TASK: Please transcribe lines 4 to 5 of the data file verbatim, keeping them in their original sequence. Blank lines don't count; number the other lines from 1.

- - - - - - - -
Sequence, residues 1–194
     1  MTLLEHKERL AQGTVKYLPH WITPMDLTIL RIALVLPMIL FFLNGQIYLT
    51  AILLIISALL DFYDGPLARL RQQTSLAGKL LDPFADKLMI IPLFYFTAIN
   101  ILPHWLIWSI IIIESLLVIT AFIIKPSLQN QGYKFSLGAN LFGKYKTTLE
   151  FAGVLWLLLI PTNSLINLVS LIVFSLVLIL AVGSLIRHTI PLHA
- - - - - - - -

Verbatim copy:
   101  ILPHWLIWSI IIIESLLVIT AFIIKPSLQN QGYKFSLGAN LFGKYKTTLE
   151  FAGVLWLLLI PTNSLINLVS LIVFSLVLIL AVGSLIRHTI PLHA